Whoof, that backlog ran out fast. Looks like I’m going to have to do a bit of writing in these next week or so to get myself back up.
Anyway, that’s not what you folks come here for (at least, I assume it’s not. If it is, that says a bit more about how much I apologise on this blog than I’d like it to). It’s only a quick post today, because it’s something I want to express but don’t have a lot to say about.
Lots of people, when writing, start talking about “heroes” and “villains”. It’s the language we’re raised on, after all. Then, we get older, we encounter our Lelouch Lamperouges and our Royce Melborns and our Loki Laufeysons, and we start to realise how inadequate those words are. Or perhaps more accurately, how much extra baggage they carry with them.
Then we start on “protagonists” and “antagonists” and in one sense, that’s very freeing because it reduces the need to make a value judgement on the personality of the people you’re talking about. But we do still need some basic things about a protagonist and antagonist to make it really work for the reader.
Be aware, I am personally a reader who kind of enjoys reading about unlikeable people. I liked the examination of Holden Caulfield’s mentality, even if I probably would have avoided him in real life. FitzChivalry Farseer is a whiny, unobservant little brat on occasion, but I still loved the Farseer trilogy (I make no bones of the fact that I read that series for Burrich, Molly, and the Fool). I even managed to find some room in my heart for Shinji Ikari, but that’s a topic for another day.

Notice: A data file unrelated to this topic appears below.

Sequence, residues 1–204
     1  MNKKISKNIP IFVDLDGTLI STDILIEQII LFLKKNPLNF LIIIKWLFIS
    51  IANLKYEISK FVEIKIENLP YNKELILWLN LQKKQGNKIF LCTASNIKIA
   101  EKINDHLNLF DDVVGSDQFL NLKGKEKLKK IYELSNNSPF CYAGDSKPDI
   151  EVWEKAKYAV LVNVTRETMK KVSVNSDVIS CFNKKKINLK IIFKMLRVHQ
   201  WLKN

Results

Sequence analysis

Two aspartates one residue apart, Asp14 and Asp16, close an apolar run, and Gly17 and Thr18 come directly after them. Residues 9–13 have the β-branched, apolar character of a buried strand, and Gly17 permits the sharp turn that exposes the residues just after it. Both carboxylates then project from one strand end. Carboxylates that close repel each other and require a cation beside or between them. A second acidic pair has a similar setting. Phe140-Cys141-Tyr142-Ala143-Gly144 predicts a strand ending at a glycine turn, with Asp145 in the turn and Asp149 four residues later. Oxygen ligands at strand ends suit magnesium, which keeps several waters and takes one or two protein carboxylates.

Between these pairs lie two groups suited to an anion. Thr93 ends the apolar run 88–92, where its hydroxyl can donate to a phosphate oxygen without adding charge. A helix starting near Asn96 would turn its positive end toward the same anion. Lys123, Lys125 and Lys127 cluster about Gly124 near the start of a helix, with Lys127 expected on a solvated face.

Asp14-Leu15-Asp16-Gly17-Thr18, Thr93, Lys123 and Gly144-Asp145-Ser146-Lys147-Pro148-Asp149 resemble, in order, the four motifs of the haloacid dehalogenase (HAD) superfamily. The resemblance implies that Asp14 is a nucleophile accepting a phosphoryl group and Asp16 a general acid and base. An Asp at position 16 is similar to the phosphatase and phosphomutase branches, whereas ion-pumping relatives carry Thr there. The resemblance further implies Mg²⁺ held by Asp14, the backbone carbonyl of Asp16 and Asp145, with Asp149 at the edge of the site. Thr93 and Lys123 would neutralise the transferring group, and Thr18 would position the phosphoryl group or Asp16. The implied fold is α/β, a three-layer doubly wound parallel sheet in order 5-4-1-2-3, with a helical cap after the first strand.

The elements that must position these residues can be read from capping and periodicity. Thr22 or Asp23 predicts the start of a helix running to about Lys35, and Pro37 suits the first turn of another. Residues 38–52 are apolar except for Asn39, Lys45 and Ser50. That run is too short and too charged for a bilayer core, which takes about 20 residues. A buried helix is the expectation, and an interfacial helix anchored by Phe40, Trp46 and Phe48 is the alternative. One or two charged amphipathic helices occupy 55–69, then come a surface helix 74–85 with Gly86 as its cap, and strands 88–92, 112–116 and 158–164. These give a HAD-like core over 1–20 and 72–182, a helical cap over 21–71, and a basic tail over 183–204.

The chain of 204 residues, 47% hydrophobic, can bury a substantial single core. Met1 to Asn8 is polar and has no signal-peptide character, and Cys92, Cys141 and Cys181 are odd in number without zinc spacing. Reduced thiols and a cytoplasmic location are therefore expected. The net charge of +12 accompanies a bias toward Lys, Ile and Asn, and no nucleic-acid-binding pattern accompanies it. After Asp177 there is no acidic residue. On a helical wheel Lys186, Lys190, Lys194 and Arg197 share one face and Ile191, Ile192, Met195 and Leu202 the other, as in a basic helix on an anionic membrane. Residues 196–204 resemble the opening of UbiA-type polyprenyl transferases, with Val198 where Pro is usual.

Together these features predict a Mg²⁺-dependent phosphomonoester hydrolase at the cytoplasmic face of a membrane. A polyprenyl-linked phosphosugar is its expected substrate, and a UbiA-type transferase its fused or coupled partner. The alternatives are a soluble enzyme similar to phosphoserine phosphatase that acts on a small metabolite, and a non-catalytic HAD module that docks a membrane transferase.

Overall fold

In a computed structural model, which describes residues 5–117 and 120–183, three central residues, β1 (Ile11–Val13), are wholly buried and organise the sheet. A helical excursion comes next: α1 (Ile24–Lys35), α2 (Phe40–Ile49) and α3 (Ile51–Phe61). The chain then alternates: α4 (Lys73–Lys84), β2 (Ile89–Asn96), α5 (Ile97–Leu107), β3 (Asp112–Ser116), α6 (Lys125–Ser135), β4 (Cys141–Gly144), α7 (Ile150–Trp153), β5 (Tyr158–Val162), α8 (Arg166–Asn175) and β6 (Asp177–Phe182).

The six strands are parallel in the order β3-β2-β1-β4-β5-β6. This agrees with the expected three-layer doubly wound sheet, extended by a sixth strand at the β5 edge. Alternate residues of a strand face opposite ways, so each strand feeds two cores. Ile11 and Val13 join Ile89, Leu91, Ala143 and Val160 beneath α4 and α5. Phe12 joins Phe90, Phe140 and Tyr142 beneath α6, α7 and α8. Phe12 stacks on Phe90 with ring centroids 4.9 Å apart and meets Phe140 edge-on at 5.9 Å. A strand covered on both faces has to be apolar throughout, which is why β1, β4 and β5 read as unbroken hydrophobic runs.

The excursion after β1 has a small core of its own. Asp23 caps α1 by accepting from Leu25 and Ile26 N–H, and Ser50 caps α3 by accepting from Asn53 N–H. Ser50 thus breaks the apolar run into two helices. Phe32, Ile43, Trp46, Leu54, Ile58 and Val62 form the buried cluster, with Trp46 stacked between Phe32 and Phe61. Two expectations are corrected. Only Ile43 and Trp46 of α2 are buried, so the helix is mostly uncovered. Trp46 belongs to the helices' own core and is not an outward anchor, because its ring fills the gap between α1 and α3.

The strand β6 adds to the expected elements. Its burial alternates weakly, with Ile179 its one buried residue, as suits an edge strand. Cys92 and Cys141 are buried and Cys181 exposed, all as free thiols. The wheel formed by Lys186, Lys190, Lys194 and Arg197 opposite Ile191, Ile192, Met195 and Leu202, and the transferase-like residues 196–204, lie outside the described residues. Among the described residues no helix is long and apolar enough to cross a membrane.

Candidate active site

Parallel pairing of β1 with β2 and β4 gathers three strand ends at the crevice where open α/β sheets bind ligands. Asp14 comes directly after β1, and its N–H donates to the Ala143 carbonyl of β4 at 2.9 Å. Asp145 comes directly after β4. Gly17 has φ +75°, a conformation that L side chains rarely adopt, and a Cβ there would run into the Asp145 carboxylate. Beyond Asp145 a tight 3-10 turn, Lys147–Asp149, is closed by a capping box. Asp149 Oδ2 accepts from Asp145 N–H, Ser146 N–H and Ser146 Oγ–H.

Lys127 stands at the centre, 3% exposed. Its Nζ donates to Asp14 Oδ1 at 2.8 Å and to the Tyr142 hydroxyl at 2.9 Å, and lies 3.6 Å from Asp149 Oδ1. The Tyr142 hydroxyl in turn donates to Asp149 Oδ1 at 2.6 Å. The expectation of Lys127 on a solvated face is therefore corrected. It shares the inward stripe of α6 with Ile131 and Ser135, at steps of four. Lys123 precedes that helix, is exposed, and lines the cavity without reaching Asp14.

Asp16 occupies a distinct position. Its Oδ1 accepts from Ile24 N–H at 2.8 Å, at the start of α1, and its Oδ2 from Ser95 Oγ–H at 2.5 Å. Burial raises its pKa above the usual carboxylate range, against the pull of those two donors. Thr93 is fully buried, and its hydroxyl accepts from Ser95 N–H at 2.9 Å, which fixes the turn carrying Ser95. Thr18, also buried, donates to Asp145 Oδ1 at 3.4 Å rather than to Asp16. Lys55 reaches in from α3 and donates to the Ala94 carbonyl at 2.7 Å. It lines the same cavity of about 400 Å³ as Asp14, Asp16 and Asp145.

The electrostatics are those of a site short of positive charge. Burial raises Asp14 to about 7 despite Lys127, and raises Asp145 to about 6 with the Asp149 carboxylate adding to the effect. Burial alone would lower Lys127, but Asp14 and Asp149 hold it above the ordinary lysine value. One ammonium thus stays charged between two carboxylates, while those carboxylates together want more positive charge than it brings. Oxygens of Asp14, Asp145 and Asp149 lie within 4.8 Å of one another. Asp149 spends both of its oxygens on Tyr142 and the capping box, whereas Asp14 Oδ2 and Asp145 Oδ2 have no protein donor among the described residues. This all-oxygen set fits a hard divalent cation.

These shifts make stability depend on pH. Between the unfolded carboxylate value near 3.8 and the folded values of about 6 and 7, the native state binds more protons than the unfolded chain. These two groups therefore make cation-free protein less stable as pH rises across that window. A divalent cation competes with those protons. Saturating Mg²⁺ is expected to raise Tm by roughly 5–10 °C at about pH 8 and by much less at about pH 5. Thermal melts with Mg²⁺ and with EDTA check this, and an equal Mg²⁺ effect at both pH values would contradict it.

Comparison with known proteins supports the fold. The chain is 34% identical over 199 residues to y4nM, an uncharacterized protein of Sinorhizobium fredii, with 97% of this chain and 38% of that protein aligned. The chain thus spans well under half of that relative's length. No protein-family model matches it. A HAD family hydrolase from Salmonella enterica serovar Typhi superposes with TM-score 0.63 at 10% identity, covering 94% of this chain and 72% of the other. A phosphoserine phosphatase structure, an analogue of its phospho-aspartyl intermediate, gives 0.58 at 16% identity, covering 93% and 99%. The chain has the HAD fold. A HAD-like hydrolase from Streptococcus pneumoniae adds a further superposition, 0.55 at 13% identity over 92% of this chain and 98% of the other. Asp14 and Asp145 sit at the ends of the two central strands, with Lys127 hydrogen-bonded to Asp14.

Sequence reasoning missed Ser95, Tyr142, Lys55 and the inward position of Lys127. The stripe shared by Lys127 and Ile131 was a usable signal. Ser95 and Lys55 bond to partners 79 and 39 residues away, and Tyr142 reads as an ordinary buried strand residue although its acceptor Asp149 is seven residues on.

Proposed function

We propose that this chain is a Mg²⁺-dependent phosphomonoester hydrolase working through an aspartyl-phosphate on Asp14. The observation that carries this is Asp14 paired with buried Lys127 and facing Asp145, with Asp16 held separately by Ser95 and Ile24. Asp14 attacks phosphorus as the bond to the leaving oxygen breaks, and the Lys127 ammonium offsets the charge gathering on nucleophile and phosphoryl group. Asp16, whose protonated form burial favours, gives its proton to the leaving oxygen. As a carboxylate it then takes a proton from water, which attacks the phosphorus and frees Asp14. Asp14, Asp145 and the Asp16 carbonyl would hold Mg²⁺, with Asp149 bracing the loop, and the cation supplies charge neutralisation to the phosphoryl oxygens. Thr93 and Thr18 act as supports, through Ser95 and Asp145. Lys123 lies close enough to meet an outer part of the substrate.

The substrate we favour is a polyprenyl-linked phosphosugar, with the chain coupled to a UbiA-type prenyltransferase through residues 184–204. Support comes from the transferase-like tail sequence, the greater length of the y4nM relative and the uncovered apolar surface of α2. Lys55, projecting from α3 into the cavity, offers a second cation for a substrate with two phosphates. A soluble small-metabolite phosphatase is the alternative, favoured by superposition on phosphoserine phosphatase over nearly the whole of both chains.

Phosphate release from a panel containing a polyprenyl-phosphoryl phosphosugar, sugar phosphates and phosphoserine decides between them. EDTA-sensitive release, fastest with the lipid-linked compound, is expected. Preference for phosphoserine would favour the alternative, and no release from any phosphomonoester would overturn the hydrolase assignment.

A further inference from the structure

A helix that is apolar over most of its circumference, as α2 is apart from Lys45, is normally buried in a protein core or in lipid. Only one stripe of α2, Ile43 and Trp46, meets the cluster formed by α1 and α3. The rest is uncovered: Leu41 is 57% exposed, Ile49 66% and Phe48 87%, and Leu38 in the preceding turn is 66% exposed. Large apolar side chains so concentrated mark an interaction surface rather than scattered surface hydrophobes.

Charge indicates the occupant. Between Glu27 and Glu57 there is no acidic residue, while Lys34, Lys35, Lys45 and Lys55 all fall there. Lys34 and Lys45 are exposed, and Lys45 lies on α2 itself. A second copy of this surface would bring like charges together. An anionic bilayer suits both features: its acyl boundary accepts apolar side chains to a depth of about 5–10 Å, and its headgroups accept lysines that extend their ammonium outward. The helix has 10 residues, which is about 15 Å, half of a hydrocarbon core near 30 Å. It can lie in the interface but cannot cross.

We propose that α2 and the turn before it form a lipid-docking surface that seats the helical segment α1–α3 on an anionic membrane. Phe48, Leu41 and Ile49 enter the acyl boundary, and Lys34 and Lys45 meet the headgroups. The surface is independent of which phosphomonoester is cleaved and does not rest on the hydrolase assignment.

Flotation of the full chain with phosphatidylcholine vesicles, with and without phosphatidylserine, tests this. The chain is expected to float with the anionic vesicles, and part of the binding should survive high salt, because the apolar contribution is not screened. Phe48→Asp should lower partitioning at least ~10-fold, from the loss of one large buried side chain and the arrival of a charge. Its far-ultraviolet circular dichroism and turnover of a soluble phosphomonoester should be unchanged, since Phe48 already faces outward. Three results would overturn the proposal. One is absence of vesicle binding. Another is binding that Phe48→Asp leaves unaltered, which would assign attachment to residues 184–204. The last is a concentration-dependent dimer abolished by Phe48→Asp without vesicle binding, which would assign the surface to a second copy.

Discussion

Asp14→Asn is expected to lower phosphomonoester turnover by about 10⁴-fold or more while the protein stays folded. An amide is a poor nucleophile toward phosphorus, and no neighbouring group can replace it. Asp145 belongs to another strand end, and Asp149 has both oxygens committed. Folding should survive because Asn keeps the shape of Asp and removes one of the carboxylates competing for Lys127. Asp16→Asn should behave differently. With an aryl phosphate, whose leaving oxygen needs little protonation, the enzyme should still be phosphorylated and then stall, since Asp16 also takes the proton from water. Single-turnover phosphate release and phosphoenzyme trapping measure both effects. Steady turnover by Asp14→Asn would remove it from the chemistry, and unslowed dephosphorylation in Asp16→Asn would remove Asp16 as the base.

But I still think that a viewpoint character needs a few things. It’s hard to describe – they don’t need to be likeable (if the above wasn’t enough evidence, go to any fandom and search for fanfic of the most morally bankrupt character. Go ahead. I’ll wait.). They don’t need to be a “good person” in any way shape or form.
The word ‘sympathetic’ is often bandied about here, but I’m a little leery of it. Not because someone the audience follows for the whole book doesn’t need to be sympathetic, but because every major character should be sympathetic, in my opinion, including and especially the antagonists.
In the end, you get a laundry list of contradictory. Main characters should be just like normal people, except they need to be slightly better than normal in some way to make them admirable, except that they can also be worse than normal to show why they can do the things they do, except that they can’t be evil because the readers will hate them, except that readers love reading about villains because they’re enticing, except …
Honestly, in my opinion, the only thing a main character needs to be is natural. Whether you go for villainous hero, an antihero (traditional Greek or otherwise), a goody-two-shoes, whatever, they just need to read as realistic in the context of their story. And something for the readers to relate with. The easiest is a sense of humour, but there’s no reason why it can’t be an attitude towards a certain type of person, or something along those lines.
In the end, this is what betas are for. Get them to read and tell you what they thought of the main character.They’ll tell you if they can’t get into the main character.
What about you folks? What are your Must Haves for Good POV Characters?